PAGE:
• As mentioned above, I think knowing both techniques is important to get a good shot every time in every situation. The more I use multiple off camera flashes, the faster I get. Shooting with flash currently takes me about 2 times as long as shooting with HDR on site, and about half the amount of time in post. So which one is faster? Depends on the photographer.

    I started out shooting HDR (like everyone else) and now I shoot almost entirely with multiple off camera flashes. This decision was solely based on providing higher quality images than my competitors. If you choose to shoot HDR, you may find yourself competing on price, rather than quality.

    Josh Mais – Kansas City Spaces
    kansascityspaces.com/real-estate-photography/

  • Good point Josh

  • Interesting thread and lot of times asked.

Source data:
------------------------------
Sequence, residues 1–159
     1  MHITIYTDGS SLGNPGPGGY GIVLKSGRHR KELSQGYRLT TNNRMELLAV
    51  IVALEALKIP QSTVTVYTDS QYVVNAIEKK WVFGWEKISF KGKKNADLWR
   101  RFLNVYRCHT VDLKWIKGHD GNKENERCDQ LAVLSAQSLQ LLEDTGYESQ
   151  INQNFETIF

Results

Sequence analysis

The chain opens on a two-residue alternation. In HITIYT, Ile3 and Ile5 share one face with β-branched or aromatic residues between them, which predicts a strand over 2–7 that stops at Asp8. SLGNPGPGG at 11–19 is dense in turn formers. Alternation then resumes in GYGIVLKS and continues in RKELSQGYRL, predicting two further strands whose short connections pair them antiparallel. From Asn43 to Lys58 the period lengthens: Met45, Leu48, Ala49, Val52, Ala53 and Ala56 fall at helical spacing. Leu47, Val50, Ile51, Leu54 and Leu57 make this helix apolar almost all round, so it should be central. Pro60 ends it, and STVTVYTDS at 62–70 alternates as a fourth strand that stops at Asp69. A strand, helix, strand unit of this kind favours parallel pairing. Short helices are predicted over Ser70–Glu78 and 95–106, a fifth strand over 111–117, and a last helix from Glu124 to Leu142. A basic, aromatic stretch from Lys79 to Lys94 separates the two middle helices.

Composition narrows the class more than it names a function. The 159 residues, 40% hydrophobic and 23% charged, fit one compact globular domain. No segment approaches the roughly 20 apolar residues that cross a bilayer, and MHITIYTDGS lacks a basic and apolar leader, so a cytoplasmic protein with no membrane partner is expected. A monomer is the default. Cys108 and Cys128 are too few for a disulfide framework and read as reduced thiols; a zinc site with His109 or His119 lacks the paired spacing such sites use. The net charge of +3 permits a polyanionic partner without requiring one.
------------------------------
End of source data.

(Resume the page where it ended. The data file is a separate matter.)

I use small flash in some scenaries i shoot for light and for HDR i try later on computer and always get the light option as final image, im not feel so comfortable with the HDR, for me and my style looks as quite dark ambiance and colorcast.

    I have few images HDR i spend less time on computer with lighting images , maybe i dont have enought skills in HDR because im comfortable with lights and do this all time ( and more right now with my YN560TX ) ;)).

    I think that a mix HDR/light could be interesting but requires more time.

    I have tried SNS, Enfuse and Photomatrix. I use a Canon 60D and ML for brackets when i do HDR.

  • Hi, Have looked at a lot of sites concerned with HDR in photography of ALL types and also read about the use of flash in real estate photography and the one thing that sticks out (so to speak) is flash is flash when used by those who no how to use it but the software now available for HDR work since L/R Enfuse was first introduced is so abundant and most work very well even in the case of Photomatix including options for real estate.
    L/R Enfuse seems to be very popular in the real estate work flow because it is quick and easy to use for those starting off direct from L/R.
    Agree that all photographers should have more than one egg in there basket for PP but learn one first then worry about the other options available out there.